The opinions expressed by columnists are their own and do not represent the views of Townhall.com.
Last week, the Federal Trade Commission issued its one-year (15-month, actually) follow-up to its September 2000 report on the marketing of violent entertainment products to children.
The original study had found a great deal to criticize in the practices of the industries within its purview -- movies, music and electronic games, all of which were marketing adult content to young children, a surprise to absolutely no one. This follow-up praises the movie and e-game businesses for their increased (though far from perfect) restraint in vending violence to youngsters. As for the music industry ... well, the FTC isn't exactly whistling a happy tune.
Concerning the new report, a few observations:
-- One area in which the movie business still has a lot of room for improvement is television advertising. The study puts the studios' efforts in the best possible light, stating that "although (they) continued to advertise R-rated films on television programs popular with teens, they largely fulfilled their pledges not to advertise on programs with a youth audience share of 35 percent or greater."
But this is political spin that should embarrass even James Carville. The 35-percent pledge is a PR scam that does nothing to prevent the industry from deliberately promoting its R-rated films to millions of youngsters.
Say Tinseltown Studios is about to release a violent R-rated picture and runs ads for it on a show with an audience of 20 million, five million of whom are children. Since youngsters constitute only 25 percent of the audience for the show, it's a double win for the studio: It gets to claim, accurately enough, that it's kept its 35-percent promise, and it makes money off however many of those five million children it's enticed to see a film that's unsuitable for them.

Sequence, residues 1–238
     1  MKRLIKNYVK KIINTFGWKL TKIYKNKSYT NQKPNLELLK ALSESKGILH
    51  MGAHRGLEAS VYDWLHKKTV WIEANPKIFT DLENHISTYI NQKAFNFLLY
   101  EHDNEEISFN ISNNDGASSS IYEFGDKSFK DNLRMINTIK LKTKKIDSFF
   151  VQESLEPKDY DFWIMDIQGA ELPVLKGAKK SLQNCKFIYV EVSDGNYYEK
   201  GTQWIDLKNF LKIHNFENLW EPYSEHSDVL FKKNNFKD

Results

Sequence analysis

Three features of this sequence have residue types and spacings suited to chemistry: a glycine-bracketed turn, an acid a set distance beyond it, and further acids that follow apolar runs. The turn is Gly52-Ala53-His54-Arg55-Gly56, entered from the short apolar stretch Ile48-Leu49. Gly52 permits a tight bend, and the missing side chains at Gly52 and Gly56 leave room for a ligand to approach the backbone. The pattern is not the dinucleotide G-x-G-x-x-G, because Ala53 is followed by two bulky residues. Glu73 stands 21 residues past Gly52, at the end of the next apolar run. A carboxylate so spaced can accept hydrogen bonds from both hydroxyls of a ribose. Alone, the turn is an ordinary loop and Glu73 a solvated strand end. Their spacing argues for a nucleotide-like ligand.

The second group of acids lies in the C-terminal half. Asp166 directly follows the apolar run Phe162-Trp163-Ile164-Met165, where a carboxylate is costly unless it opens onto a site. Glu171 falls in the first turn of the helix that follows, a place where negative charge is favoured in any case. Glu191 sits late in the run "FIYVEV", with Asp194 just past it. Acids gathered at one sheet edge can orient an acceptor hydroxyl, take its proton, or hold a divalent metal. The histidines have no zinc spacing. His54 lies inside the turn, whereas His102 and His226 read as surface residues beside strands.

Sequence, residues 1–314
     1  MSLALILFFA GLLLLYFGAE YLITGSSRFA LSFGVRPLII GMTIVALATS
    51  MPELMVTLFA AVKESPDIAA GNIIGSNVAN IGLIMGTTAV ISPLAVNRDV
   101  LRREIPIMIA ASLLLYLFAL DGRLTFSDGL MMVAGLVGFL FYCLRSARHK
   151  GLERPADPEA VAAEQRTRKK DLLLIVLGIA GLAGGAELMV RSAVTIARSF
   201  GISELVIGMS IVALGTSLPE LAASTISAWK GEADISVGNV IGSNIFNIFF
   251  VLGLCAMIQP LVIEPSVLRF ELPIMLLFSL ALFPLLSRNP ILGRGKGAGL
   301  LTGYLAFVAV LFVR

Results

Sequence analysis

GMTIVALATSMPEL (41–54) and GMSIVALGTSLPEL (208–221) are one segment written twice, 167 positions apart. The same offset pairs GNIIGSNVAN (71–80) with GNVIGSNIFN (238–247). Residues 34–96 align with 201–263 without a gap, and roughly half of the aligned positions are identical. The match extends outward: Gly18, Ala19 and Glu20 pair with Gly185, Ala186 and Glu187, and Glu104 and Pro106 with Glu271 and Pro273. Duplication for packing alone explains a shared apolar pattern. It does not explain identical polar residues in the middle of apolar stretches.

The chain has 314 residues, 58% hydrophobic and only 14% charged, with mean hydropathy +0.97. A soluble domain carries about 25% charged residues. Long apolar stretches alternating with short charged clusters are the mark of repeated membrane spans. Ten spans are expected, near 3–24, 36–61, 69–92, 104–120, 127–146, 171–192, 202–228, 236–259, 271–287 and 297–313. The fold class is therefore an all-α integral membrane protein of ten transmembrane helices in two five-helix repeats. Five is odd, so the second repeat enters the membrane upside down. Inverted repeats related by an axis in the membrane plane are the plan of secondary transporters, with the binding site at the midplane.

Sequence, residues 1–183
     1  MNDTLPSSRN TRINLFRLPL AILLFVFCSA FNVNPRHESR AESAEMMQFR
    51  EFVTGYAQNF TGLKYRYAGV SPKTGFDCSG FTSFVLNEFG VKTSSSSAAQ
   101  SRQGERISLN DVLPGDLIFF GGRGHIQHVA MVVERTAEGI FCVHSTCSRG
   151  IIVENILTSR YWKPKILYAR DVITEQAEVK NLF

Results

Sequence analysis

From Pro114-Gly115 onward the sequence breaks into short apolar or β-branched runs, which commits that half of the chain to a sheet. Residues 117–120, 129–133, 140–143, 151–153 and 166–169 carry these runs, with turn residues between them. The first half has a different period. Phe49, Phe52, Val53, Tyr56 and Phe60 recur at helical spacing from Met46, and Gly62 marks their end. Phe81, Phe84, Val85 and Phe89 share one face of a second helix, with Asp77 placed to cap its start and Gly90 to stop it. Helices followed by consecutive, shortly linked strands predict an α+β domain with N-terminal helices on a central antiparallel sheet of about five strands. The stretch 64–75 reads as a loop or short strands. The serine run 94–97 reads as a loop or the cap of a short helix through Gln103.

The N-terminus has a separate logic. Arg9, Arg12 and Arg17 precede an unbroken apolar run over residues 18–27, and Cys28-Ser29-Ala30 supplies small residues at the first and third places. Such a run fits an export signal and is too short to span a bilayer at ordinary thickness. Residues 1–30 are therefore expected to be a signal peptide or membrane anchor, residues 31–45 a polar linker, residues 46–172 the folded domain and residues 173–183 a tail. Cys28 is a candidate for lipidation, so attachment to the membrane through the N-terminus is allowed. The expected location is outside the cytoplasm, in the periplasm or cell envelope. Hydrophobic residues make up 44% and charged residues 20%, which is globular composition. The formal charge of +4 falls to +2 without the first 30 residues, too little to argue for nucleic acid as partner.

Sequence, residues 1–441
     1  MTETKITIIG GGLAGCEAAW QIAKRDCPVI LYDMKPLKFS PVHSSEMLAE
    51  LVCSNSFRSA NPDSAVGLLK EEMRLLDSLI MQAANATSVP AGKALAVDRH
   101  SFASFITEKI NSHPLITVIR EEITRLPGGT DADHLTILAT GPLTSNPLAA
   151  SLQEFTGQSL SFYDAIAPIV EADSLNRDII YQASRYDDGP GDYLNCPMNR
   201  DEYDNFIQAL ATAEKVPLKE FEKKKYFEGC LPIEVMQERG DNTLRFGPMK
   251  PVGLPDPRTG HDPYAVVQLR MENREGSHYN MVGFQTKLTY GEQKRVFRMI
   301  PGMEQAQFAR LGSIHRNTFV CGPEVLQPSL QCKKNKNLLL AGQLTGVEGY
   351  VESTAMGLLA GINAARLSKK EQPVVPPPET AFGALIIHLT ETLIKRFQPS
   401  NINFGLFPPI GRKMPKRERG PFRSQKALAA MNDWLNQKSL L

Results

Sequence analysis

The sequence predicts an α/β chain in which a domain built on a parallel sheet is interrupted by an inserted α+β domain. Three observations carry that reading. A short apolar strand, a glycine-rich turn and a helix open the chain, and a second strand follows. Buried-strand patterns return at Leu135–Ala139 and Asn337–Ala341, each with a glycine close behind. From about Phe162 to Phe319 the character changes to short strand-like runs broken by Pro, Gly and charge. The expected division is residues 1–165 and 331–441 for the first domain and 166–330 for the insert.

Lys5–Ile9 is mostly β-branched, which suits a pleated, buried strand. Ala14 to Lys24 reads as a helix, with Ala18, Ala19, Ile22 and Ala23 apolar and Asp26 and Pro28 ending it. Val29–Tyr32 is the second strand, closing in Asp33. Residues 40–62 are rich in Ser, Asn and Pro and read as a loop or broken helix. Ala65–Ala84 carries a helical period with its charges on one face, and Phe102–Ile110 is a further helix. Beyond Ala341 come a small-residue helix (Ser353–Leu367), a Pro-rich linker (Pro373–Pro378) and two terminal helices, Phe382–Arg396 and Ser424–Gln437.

Real-world scenarios of this type aren't hard to imagine. As the FTC acknowledges, "Many programs that are very popular with youth -- especially network programs ... have an under-18 audience share (below) 35 percent" -- including, the report adds, each of the 10 most popular shows among those ages 2-17. So much for restraint.
-- OK, so the kids see the TV spots and head over to the multiplex. Do theater personnel enforce the age restrictions on admission to R-rated fare? The FTC sent teens undercover to find out. Two-thirds of unaccompanied 13-year-olds were denied access to R movies, but for older teens, theaters were much more lenient. Overall, almost half of unaccompanied 13- to -16-year-olds were allowed to see R-rated films -- a percentage "essentially unchanged" from the first study.
It's a lot worse at music stores, which permitted 87 percent of unaccompanied 13-year-olds, and 90 percent of 13- to 16-year-olds, to buy CDs or cassettes carrying explicit-content labels. "Such high percentages are not surprising," says the report, "given the recording industry's emphasis that its (non-age-based) self-regulatory system does not limit the sale of explicit-content recordings to children."
The industry's chief lobbyist, Hilary Rosen, explained to the Boston Globe that an age-based system would be "inappropriate (for) music because they're words, not pictures and words, and words are subject to multiple meanings ... To have a rating system to categorize those words would be unfair to the artists whose creative expression is at stake."
What in the name of Thomas Edison is she talking about? Martin Scorsese has to work within such a system, but Marilyn Manson and Eminem shouldn't have to? As for multiple meanings, help me find them in these Eminem lines: "Touch this chainsaw, left his brains all/Dangling from his neck while his head barely hangs on."
-- The bottom line, according to the FTC, is that there have been "no changes in (music-) industry (advertising-placement) practices since the (first report). The industry ... continue(s) to advertise explicit-content recordings in the most popular teen venues in all media -- television, radio, print and online."
There's no real substitute for good old corporate responsibility, but until the music business manifests some, one reform could occur at the point of purchase: Retailers could implement their own age-based ratings system simply by refusing to sell explicit-content recordings to unaccompanied youngsters.
Would that cost stores money? Maybe -- but maybe not. Remember when Oprah Winfrey stopped dealing with sleazy topics? Contrary to the conventional wisdom of the time, her ratings ultimately soared as a result. Stores that act in a responsible manner could benefit similarly.
-- The marketing of violence persists, and it merits future FTC scrutiny, but next, the agency should turn its attention to the entertainment industry's promotional practices in regard to raunchy sex-themed movies, recordings, etc. The harm graphic sexual content causes children is less obvious, but it is no less real.